Saturday, 14 November 2009

Can the right wing Tory internet nutters stop bullying Gordon Brown, please?

I have never voted for Gordon Brown....

I am a member of a different party...

I agree with some policies and not with others...

I am concerned about the war and concerned about the economy...

I won't be voting Labour at the next election...

But mostly, I find the attitude of the vast majority of low level (mostly white, male and unattractive) Tory acolytes towards Gordon Brown little more than an assault on his personal character as opposed to his professional nor political attributes.

So let me state for the record as someone who was embroiled in the current conflict and has lost friends and colleagues there, I applaud his decision to send a handwritten personal letter to the closest family members of those lost in action. Prime Minister's usually don't do this, it is a duty that normally falls to the commanding officer of the soldier/airperson/sailor concerned, so good for him.

Last night I read an atrocious series of blogs and tweets taking the piss out of the handwriting of a man who only has 27% of his eyesight functioning when compared to an able bodies person. I read personal abuse about his family, wife and children and all of it was done by a series of people who are predominately useless individuals who have no right to make any comments about someone who conquered partial blindness to do a PhD, lost one child shortly after a premature birth (my wife and I lost a child in late pregnancy too) and now has another one who will die an almost certain early death. His has been through and has learnt a lot.

So good on Gordon Brown for having some humanity.

And before some quasi-aspergers internet Tory with no social skills acts pedantic and as someone who has come across him, I roughly feel the same way about David Cameron, ever though I despise his policies.

These internet Tory's scream blue murder when challenged on the web, particularly when you challenge their binary world view based on spurious evidence and a lack of brains (a good chunk of them are doing "PhDs" over the course of decade, funded by their parents after scraping a 2:2 or 3rd somewhere dull, living apart from the rest of humanity and solely contacting the world through the web) and always claim they are being bullied and entitled to their opinion.

Maybe they are entitled to their opinion, but as a former squaddie, working, published academic, parent, husband and cripple I challenge them to justify their narrow, warped, misantrophic, hateful, bigoted and fascist world view in the contest of the reality the majority of the population.

Friday, 14 August 2009

Anyone notice that I can walk?

Hi Y'all,

As promised, here is a blog entry!

Just a quick one, but I want to state as someone who has used by the US and UK health care systems that I am pleased to use the National Health Service, have received fantastic care all my life and if it wasn't for the fantastic care by my local hospital, The Whittington Hospital in Highgate I would not have recovered from fracturing my spine six years ago.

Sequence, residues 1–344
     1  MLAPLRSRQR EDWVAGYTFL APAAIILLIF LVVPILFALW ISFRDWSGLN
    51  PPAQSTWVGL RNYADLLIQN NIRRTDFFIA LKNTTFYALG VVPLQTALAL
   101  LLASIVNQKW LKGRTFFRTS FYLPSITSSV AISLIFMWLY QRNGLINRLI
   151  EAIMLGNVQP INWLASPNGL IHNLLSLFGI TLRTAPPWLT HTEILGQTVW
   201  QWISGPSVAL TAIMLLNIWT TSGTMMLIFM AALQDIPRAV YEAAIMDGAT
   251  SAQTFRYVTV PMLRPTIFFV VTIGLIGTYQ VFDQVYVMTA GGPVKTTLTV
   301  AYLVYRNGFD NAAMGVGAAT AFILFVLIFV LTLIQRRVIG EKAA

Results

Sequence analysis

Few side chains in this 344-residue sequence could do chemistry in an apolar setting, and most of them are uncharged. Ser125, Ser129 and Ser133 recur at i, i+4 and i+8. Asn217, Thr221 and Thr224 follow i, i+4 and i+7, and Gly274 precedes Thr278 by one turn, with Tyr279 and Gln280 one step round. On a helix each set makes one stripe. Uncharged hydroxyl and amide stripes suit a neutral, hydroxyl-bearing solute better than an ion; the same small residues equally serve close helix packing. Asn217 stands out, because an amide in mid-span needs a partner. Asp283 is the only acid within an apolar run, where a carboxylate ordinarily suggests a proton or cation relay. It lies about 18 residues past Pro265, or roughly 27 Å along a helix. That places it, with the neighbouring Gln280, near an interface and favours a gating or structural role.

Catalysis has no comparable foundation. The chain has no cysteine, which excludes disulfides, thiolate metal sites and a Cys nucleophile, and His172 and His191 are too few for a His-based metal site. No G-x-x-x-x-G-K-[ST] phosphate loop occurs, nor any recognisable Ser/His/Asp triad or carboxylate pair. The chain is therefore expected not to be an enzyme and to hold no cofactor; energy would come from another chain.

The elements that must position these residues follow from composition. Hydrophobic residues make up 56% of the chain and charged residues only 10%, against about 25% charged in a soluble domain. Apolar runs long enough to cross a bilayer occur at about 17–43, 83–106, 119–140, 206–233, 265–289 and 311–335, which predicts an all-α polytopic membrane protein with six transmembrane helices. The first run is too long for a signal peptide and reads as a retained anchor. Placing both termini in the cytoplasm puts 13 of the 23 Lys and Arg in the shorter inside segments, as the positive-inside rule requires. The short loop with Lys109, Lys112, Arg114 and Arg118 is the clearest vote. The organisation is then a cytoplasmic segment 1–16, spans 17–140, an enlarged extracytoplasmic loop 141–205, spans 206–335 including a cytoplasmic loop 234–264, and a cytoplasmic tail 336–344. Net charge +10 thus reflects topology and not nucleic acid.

Some of the bullshit being spread by the American conservative right are astounding: rationing (a lie), denial of treatment (a lie), bribery to get onto a waiting list (a lie), euthanasia (a complete lie) and lets not get onto the abortion debate! This is astonishing and whilst healthcare in America can be of a very high standard, the insurance payments are expensive, if you lose your job you could lose your employer provided healthcare and around 20% of the population have now insurance and depending on which state they live in, only a cursory safety net.

President Obama is someone who deserves a lot of respect for what he has done and for how he operates and he is not proposing a US version of the NHS, just better regulation, controlled costs, fair access and making sure no one is left behind. I find it ironic that it is the same idiots who said that we all should have supported Bush in 2003 regardless of what we thought of the invasion of Iraq (because to do so would be unpatriotic) who are spreading this nonsense.

So maybe that is the message of this post: there is a progressive President and a Democratic legislature but remember the forces of reaction, conservatism, hate, discrimination and selfishness are still out there and still have influence. We must be on our guard but we must also be prepared to open our mouths, write letters and confront backward ignorance wherever and whenever it shows its ugly head.

Wednesday, 10 December 2008

The Dude is back!

Hello everyone,

Just a quick note to say that business as usual will commence shortly. In the past year or so I have been General Secretary of the National Postgraduate Committee, moved to Crouch End and am coming to the end of my PhD. There is still lots to do, so I won't be writing too much too soon, but I will be back to blogging in the New Year.

See you all soon,


Sunday, 1 July 2007

Weird World - A response to the paranoid

Hi all,

According some cowardly little custard that leaves comments on my blog without using his name, I am a closet member of the BNP and apparently write the Iznewmania site.

Paul Newman writes that enjoyable site and he is certainly not a member of the BNP.

Well, the reality is I am quite mixed ethnically and mainly of Scottish and Jewish extraction, am a proud member of the SNP, have a multitude of nationalities and for my final point, look at this picture of my wedding day:

I am married to a wonderful Hindu lady whose family originates from Mumbai, although she admittedly comes from Hampstead herself and is a lot more British than I am, she calls Z ‘zed’ for example and hates the American breakfast.